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Beats us, but we can help.
Can’t remember what you were just about to say to your boss? You’ll be glad to know a recent study from the University of Toronto found that forgetting
things may make you smarter, optimizing intelligent decision making by letting go of things that don’t matter. But that’s little consolation as you stammer in front of the supervisor who’ll be conducting your next performance review. Here is some advice for avoiding your next brain freeze. —SV
When you meet someone, says Ron White,
two-time national memory champion, more
often you’re thinking, “What do I think of them?”
or “What do they think of me?” Instead, think,
“What is their name?” Turn their name into
a visual as you walk away. “Our mind remembers
what it sees.”
Visualize the event, suggests Allison Lamont,
cofounder of Memory Foundation in New
Zealand. Think about where it will take place,
how you will get there, who you will see, and
what will be discussed. This will plant the date
more firmly in your memory.
To prepare for a speech, create memory
pegs that connect talking points to pieces
of furniture in your home, suggests White.
Remember to discuss sales figures by picturing
money on your table, a timeline by recalling the
clock in your kitchen, goals by seeing a football
goalpost on your TV screen.
Take immediate action on any task that re-
quires less than two minutes to complete,
says David Allen, author of Getting Things Done.
Move emails that will take time to a separate
folder so they don’t get lost. Schedule time to
If the ringer is on: Call yourself. (Oh, wait—
you don’t have your phone.) If the ringer is off:
Apple and Android have options for turning
it back on by logging in to your account.
Use the PAO—person, action, object—formula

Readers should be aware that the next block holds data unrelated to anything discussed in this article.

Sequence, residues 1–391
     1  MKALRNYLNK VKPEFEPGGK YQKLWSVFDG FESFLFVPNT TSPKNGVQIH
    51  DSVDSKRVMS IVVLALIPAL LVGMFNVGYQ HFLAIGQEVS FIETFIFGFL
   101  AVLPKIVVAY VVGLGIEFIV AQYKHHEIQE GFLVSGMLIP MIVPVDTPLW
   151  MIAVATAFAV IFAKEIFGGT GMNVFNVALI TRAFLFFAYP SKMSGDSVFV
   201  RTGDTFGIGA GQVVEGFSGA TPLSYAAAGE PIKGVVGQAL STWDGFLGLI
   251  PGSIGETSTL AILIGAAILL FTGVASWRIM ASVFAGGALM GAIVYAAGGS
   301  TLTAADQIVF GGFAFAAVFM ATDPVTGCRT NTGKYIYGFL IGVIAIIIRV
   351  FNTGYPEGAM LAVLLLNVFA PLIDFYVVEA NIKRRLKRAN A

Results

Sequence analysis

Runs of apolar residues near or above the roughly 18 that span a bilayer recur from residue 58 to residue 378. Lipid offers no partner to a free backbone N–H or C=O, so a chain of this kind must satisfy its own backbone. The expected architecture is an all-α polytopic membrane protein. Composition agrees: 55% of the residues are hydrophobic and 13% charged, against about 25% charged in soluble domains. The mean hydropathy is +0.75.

from Joshua Foer’s book, Moonwalking With
Einstein. For example, Mom riding a two-person
go-kart filled with spaghetti. Then use this visual
to create a password, such as MoGo-2ghetti.
Name Shark creates a database of names and
faces by tapping into your phone’s camera.
Take photos of people directly, or grab a snapshot of a picture posted on the web.
Countdown counts down the days before an
important event and lets you know how much
time you have left to prepare. Just Reminder
lets you upload important events and then
nudges you via smartphone reminders—days,
hours, and minutes ahead of time.
Speech Buddy helps you prepare by uploading
your talk and quizzing you on how well you
remember the text. Memorize Anything lets
you record and then listen back as you rehearse.
As you memorize, you can set the audio to fade
out then back in if you make a mistake.
Boomerang for Gmail enables you to handle
an email later by clicking a button and choosing
when you need it again. FollowUp Then sends
automatic follow-up reminders to you and your
recipient. It also archives and then returns important emails to your inbox.
Find My iPhone and Where’s My Droid
show the location of your phone on a map via
separate computer. Both apps can also be configured to allow you to lock—or wipe clean—
your missing device.
LastPass and Dashlane browser extensions
and apps generate and organize passwords,
auto-filling them on the sites you visit. You just
need to remember one—your master password
to the service.
80 FAS TCOMPAN Y.COM DECEMBER 2017/JANUARY 2018 Illustrations by Muti